Premiering this weekend on Cinemax was last year’s espionage thriller, “The Debt”.
Starring Helen Mirren, Tom Wilkinson, Ciarán Hinds, Sam Worthington and Jessica Chastain, “The Debt” is the story of three Mossad agents dealing with the consequences of a key operation from their younger days. A portion of the narrative set in current day is intercut with flashbacks of a mission the trio undertook in East Germany in the mid 1960s.
The three were charged with getting their hands on a Nazi doctor, “The Surgeon of Birkenau”, who performed biological experiments on humans during WWII and returning him to Israel for trial.
Things did not go as planned.
Chastain and Mirren play the same Mossad operative, Rachel, at different points in her life. Chastain portrays her during the critical operation, while Mirren plays her 30 years after retiring from the agency. Chastain’s Rachel is dedicated, courageous, idealistic. She’s well-trained in martial arts, and willing to risk her own life for the sake of their mission. Mirren’s Rachel is older, weary. She’s lived with the consequences of that particular assignment for at least 30 years, and it has worn on her.
The mission, which Rachel undertook with two other operatives, David and Stefan, was to infiltrate East Germany and capture a man named Dieter Vogel – “The Surgeon of Birkenau”. During World War II, Vogel (Jesper Christensen) conducted brutal biological experiments on human subjects. Now the Israelis wish him captured and brought to Israel for trial. Vogel is currently working as a gynecologist… in order to approach him, Rachel poses as a patient and undergoes his examinations. She is exposed to him as a person can be as they do the espionage dance with each other. She takes pictures to confirm his identity, he asks probing questions out of his own paranoia, to reassure himself of his own safety.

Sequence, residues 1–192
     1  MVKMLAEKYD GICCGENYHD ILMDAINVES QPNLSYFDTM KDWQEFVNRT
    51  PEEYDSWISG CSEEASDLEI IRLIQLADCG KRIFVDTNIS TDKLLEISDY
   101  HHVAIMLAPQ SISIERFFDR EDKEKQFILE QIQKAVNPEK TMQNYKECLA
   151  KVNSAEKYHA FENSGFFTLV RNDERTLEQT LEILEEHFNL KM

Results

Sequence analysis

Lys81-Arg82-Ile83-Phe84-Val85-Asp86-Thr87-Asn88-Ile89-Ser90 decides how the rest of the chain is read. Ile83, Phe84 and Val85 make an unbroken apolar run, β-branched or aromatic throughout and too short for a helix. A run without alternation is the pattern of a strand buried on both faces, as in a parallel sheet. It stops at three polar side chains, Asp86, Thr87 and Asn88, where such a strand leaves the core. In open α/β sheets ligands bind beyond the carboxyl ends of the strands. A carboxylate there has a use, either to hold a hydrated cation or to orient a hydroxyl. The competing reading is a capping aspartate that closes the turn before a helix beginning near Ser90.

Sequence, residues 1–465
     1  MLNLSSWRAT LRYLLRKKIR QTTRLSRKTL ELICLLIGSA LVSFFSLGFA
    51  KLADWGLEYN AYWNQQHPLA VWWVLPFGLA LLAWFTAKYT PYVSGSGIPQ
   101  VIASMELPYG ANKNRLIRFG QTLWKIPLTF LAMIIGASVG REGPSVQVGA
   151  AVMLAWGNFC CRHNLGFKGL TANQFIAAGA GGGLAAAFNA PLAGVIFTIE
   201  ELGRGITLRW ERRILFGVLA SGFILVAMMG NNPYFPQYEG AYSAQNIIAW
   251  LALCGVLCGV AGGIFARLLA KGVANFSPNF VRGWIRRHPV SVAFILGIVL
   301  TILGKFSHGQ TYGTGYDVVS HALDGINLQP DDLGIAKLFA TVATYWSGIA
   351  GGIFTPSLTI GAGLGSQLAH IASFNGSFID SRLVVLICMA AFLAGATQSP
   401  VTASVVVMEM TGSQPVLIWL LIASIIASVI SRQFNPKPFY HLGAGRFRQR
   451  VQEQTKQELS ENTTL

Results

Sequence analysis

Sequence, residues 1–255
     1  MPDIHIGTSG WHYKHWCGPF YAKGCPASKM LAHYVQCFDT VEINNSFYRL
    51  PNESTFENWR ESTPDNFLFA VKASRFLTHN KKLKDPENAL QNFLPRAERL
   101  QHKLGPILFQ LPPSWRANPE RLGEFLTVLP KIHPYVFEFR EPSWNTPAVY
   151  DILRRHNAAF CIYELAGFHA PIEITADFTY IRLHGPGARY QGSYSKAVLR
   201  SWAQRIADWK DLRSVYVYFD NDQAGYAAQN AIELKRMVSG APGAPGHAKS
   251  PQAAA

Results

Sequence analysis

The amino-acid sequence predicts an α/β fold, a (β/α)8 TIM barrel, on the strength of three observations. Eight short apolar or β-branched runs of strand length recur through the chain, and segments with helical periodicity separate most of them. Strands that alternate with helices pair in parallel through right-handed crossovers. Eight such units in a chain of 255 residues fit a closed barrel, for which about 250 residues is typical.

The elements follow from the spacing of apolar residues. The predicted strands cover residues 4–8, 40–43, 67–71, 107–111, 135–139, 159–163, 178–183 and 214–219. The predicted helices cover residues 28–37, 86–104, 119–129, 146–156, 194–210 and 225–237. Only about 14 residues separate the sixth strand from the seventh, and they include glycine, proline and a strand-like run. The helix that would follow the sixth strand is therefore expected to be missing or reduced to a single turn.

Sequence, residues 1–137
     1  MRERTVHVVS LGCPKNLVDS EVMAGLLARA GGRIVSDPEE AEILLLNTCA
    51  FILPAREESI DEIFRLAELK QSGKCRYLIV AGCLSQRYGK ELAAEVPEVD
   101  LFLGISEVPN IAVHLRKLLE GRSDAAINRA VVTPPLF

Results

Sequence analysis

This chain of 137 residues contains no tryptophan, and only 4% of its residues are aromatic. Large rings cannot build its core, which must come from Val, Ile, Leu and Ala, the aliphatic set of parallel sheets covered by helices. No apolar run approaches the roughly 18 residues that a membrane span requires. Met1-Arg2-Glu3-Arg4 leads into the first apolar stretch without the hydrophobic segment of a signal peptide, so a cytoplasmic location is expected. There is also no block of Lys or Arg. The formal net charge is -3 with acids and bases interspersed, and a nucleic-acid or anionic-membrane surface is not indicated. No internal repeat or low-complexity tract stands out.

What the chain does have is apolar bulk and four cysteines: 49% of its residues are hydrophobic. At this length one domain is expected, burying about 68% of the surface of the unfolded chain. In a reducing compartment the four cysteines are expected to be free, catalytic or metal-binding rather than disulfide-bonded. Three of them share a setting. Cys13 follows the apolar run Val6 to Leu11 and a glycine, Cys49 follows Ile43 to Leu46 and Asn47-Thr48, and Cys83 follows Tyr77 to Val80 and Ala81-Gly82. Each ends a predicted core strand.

It’s a fascinating cat and mouse game, but it gets even more intense once Vogel is captured. When plan A fails and the three operatives are unable to sneak Vogel from the country as planned, they’re forced to keep him captive in their safe house until they can come up with plan B. It’s there that Vogel begins to use his forked tongue to seed discord amongst the three operatives… angering them, seeding doubt in them, pitting them against each other.
When the situation spins out of the agents control, they make a decision that they will have to live with the rest of their lives. One that will have profound repercussions for them later.
“The Debt” is an engrossing espionage drama. It’s small-scale, with the focus solidly on people and their actions. The characters are all extremely well crafted and well portrayed. The stakes are high, both personally and professionally, throughout. The non linear narrative works wonderfully, serving to create suspense by showing you the weight of what happened prior to fully revealing what happened. Thus as the viewer is taken through the events, they already have importance, and the tension is thereby heightened. The acting is excellent across the board, as is the directing. There’s just enough style to supplement, but never enough to distract.
It’s a first-rate thriller, and highly recommended… especially seeing as it’s begun its cable rounds now.